European rules already limit bankers’ bonuses to the equivalent of their annual salaries, or to two times their base salaries if the company’s shareholders approve it. But they know they are so greedy that they will try to find ways round that.

breaking the rules

Already some banks are making moves to get round the limits by introducing role-based remuneration and other payments, so the regulators have their work cut out for them keeping a step ahead of the thieves.

What they really need to do is confiscate ALL their ill-gotten gains, impose severe additional financial penalties AND throw these criminals in jail – for a long time.

America, which always likes to consider itself as the leader of the world, should lead in this regard too. It would be better than starting another war in some far off God forsaken country.

Unfortunately I think it will be an equally long time, and a lot more frauds, before they get to that much needed stage.

And you can take that to the bank!

Give a man a bank

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The Greeks Can’t Afford To Bear Gifts These Days

“Fight Against Stupidity And Bureaucracy”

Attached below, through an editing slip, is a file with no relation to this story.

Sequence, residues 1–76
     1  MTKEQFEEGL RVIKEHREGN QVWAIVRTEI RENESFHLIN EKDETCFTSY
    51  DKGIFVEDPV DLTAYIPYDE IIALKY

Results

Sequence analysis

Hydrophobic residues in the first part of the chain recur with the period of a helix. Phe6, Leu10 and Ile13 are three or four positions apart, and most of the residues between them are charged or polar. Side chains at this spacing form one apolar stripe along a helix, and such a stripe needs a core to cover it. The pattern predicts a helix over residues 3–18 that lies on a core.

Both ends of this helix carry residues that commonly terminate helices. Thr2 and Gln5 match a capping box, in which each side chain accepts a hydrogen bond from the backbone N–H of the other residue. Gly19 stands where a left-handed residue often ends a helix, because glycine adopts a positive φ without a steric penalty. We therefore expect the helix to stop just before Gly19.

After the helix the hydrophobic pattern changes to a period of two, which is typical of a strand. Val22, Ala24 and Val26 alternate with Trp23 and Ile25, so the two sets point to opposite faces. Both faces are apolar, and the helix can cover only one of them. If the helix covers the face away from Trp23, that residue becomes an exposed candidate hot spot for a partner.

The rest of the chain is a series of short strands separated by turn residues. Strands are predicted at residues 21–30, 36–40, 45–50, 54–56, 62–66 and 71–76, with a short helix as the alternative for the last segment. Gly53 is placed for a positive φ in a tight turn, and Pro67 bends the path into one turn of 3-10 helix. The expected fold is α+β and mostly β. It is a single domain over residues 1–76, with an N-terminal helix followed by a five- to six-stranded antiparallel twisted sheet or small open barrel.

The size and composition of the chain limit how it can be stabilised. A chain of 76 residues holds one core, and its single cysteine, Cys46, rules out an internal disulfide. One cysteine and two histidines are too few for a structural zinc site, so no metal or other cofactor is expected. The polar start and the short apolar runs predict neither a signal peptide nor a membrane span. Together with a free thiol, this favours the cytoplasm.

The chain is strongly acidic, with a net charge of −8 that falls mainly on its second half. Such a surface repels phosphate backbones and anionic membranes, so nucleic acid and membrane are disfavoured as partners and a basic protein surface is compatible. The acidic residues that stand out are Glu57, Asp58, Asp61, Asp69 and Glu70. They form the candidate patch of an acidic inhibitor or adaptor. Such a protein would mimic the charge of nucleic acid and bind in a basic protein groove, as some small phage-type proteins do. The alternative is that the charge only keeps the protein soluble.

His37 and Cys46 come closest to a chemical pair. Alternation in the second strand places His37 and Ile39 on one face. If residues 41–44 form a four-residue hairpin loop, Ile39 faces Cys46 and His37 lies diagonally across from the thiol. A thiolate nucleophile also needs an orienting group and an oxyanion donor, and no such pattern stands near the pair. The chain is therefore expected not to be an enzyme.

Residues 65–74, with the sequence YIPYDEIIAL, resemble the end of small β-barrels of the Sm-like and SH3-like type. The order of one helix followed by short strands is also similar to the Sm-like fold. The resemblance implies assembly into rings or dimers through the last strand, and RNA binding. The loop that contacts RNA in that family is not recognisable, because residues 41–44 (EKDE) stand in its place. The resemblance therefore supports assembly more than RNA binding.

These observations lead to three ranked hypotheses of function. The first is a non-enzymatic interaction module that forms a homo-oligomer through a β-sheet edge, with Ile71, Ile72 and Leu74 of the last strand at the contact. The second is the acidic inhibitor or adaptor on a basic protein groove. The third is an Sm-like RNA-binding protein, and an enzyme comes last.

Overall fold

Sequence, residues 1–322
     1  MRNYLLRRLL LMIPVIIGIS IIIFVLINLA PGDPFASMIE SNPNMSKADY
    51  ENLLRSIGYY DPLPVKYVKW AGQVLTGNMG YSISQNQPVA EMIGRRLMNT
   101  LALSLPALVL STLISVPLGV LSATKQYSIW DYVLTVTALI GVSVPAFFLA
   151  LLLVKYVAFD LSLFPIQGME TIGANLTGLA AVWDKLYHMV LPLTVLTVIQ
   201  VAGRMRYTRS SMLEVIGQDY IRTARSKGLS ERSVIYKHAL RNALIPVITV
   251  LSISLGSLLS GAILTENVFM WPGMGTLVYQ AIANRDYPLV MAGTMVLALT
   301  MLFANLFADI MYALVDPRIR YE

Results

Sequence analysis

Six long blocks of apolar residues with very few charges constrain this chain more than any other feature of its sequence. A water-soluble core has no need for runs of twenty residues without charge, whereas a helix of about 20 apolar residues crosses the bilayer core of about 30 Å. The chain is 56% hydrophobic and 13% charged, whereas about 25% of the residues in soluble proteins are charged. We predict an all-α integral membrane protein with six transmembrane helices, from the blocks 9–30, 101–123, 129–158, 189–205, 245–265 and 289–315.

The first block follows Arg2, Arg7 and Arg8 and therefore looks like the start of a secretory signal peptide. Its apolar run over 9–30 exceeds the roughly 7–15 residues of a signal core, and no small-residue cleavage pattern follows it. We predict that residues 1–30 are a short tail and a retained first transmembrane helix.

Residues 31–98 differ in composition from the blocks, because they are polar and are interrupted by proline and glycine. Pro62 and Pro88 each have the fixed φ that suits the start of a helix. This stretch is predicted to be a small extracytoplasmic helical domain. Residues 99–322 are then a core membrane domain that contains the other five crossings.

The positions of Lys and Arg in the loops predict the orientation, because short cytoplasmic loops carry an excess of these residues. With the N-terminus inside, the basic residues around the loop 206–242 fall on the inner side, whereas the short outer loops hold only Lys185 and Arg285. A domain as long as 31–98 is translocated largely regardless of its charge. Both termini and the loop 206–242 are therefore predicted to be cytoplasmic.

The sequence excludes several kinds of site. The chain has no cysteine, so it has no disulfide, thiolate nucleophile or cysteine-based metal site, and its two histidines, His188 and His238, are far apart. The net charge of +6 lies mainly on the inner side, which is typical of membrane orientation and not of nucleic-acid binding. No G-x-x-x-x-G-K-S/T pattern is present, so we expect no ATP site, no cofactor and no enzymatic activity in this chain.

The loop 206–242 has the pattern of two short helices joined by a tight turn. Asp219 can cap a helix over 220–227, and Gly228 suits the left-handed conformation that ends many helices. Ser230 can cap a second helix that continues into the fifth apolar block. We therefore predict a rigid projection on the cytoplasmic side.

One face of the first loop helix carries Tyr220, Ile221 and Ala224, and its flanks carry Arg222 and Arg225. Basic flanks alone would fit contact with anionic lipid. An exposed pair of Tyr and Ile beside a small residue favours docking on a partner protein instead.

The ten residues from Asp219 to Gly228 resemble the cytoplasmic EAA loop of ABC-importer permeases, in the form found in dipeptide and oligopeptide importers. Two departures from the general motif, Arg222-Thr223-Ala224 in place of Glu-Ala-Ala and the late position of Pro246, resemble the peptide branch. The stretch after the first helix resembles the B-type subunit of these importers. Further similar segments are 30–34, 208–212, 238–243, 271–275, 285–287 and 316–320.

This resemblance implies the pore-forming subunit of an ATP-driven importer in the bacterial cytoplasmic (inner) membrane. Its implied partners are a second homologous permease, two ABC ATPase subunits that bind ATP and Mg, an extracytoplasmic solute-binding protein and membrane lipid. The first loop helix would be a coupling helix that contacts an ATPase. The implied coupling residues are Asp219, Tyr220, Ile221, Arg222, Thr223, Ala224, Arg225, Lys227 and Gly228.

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Greek financial crisis

I used to love listening to George W Bush when he talked about the ‘Grecians’. He was an idiot, but unlike some holders of his post I think he secretly knew it.

But, enough of that, let’s concentrate on the Grecians.

Their financial crisis is deepening and they’ve shut down all their banks. They’ve also imposed what are called ‘capital controls’, in other words what you can and cannot do with your own money –  assuming you could get to it in the first place.

Several Western countries, including the US and Britain, have issued travel warnings for Greece. Not a warning about the place being very dangerous, just a warning to have enough cash to be able to pay for things now that the banks are shut and presumably their ATMs as well.

queue at Greek ATM

This recent activity by the Greek government is because of the breakdown of talks between Athens and the European Union concerning the Grecians’ enormous debt that they clearly can’t afford to pay back. EU finance ministers rejected Athens’ request to prolong a financial assistance program.

It is also about a bit of timely government blackmail.